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Aspergers Teenagers and Problems with Depression

All teenagers experience depression from time to time due to the normal pressures faced during adolescents. Also, people with Aspergers (high functioning autism) experience depression occasionally due to dealing with the symptoms associated with the disorder. So, little wonder why a teenager WITH Aspergers may have more than his fair share of depression symptoms.

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Anonymous said...

I have a 12-year-old son who was thought to have autism at age 2 with an "official" diagnosis of high-functioning autism at age 4, although school testing has pointed more towards Aspergers. To top things off, he was also diagnosed with type 1 (juvenile) diabetes earlier this year.

Colt loves school and has been receiving A's and A-'s so far this year. He is well-behaved in the school setting and teachers tell me he is a hard worker and love having him in their classes.

A big issue is social. He prefers to be alone rather than be with people. He has acquaintances at school that are nice and friendly with him but really no actual friends. He is perfectly content staying home playing with his cars, playing video or computer games, or reading and doing homework.

He is also very anxious and OCD. He likes things perfectly routine and on schedule. Gets very anxious if things aren't exactly on schedule, if something is out of place, or if doors and windows aren't closed and locked before we leave home or at bedtime.

He started school in a special ed classroom in preschool with occupational therapy, adaptive physical education, and speech therapy. He was released from the special ed classroom at the end of 3rd grade and mainstreamed with resource help. All therapies have been eventually phased out as he improved. He is in 7th grade at junior high school where he takes 3 resource classes and 5 mainstream classes. All IEP goals are academic pertaining to his resource classes.

I'm looking forward to being more active in this group and listening to your comments and suggestions.

depression treatments said...

They are still young and they think they have all the problems in the world. They haven't even experienced the real stress in life yet. Hopefully they realize that. Life is short and you should enjoy it.

My child has been rejected by his peers, ridiculed and bullied !!!

Social rejection has devastating effects in many areas of functioning. Because the ASD child tends to internalize how others treat him, rejection damages self-esteem and often causes anxiety and depression. As the child feels worse about himself and becomes more anxious and depressed – he performs worse, socially and intellectually.

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How to Prevent Meltdowns in Children on the Spectrum

Meltdowns are not a pretty sight. They are somewhat like overblown temper tantrums, but unlike tantrums, meltdowns can last anywhere from ten minutes to over an hour. When it starts, the Asperger's or HFA child is totally out-of-control. When it ends, both you and your child are totally exhausted. But... don’t breathe a sigh of relief yet. At the least provocation, for the remainder of that day -- and sometimes into the next - the meltdown can return in full force.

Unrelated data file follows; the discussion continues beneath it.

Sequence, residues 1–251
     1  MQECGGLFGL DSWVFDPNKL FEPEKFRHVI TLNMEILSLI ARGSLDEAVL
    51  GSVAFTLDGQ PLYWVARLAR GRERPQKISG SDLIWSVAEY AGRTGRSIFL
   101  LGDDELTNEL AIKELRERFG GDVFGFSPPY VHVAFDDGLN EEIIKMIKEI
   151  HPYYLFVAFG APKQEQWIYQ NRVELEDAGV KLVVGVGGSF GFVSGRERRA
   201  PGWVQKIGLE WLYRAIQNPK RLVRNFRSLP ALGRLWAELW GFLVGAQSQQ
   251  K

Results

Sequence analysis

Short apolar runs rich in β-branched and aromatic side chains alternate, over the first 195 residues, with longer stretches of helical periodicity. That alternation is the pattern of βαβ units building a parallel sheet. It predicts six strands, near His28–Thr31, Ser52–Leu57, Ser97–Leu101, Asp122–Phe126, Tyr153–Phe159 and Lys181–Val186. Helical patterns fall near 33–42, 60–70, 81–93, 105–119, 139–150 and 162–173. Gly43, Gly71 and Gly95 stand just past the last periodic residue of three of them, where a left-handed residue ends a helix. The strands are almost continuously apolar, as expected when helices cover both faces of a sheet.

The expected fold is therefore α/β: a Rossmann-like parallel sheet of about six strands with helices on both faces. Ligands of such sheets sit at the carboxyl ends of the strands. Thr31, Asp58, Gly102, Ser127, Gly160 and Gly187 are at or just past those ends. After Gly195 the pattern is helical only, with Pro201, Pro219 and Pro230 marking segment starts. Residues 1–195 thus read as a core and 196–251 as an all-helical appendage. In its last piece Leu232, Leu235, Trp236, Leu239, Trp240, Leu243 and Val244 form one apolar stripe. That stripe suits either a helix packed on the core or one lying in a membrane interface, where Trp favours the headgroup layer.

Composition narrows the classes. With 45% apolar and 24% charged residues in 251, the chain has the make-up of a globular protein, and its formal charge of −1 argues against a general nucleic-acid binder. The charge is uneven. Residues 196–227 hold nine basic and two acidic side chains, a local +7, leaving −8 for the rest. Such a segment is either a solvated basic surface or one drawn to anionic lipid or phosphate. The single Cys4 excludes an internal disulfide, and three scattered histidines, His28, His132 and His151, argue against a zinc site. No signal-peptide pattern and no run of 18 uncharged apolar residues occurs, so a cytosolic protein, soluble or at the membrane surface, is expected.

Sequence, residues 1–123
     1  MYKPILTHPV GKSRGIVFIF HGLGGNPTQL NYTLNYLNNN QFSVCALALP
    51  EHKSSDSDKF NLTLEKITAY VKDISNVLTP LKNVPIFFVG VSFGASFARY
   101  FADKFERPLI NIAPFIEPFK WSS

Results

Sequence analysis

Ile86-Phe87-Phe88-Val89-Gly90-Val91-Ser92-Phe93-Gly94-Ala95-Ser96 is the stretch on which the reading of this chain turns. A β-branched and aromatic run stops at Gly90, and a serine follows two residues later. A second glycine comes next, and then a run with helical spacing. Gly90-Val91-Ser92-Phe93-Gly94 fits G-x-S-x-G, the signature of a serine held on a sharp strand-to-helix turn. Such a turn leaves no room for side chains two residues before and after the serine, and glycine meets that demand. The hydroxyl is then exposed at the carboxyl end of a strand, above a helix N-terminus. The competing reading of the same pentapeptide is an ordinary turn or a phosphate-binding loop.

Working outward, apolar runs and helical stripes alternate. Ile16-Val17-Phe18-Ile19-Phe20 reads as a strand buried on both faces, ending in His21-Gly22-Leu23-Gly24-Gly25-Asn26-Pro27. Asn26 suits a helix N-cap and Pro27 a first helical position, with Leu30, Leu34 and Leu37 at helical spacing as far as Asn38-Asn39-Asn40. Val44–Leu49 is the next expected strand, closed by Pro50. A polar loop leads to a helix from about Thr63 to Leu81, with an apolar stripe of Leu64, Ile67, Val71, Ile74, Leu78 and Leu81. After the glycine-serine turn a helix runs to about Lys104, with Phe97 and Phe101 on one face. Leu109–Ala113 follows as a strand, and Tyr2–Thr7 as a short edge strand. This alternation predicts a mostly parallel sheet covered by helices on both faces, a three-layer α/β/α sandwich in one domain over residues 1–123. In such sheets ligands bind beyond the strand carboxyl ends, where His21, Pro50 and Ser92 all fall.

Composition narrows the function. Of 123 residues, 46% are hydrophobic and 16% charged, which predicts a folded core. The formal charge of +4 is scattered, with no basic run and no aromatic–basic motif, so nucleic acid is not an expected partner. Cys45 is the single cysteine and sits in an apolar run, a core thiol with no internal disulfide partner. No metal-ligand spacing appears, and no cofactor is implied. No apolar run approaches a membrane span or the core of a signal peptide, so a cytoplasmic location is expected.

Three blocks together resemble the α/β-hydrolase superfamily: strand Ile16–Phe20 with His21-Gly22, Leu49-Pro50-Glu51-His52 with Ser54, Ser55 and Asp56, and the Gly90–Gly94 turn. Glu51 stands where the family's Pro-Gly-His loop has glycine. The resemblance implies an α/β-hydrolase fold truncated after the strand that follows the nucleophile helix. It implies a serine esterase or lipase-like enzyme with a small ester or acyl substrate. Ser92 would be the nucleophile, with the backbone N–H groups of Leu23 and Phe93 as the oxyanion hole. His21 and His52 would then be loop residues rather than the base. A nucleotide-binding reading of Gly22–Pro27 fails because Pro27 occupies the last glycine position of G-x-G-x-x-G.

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Parenting Defiant Teens on the Spectrum

Although Aspergers [high-functioning autism] is at the milder end of the autism spectrum, the challenges parents face when disciplining a teenager on the spectrum are more difficult than they would be with an average teen. Complicated by defiant behavior, the teen is at risk for even greater difficulties on multiple levels – unless the parents’ disciplinary techniques are tailored to their child's special needs.

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Older Teens and Young Adult Children with ASD Still Living At Home

Your older teenager or young “adult child” isn’t sure what to do, and he is asking you for money every few days. How do you cut the purse strings and teach him to be independent? Parents of teens with ASD face many problems that other parents do not. Time is running out for teaching their adolescent how to become an independent adult. As one mother put it, "There's so little time, yet so much left to do."

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Parenting Children and Teens with High-Functioning Autism

Two traits often found in kids with High-Functioning Autism are “mind-blindness” (i.e., the inability to predict the beliefs and intentions of others) and “alexithymia” (i.e., the inability to identify and interpret emotional signals in others). These two traits reduce the youngster’s ability to empathize with peers. As a result, he or she may be perceived by adults and other children as selfish, insensitive and uncaring.

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Highly Effective Research-Based Parenting Strategies for Children with Asperger's and HFA

Become an expert in helping your child cope with his or her “out-of-control” emotions, inability to make and keep friends, stress, anger, thinking errors, and resistance to change.

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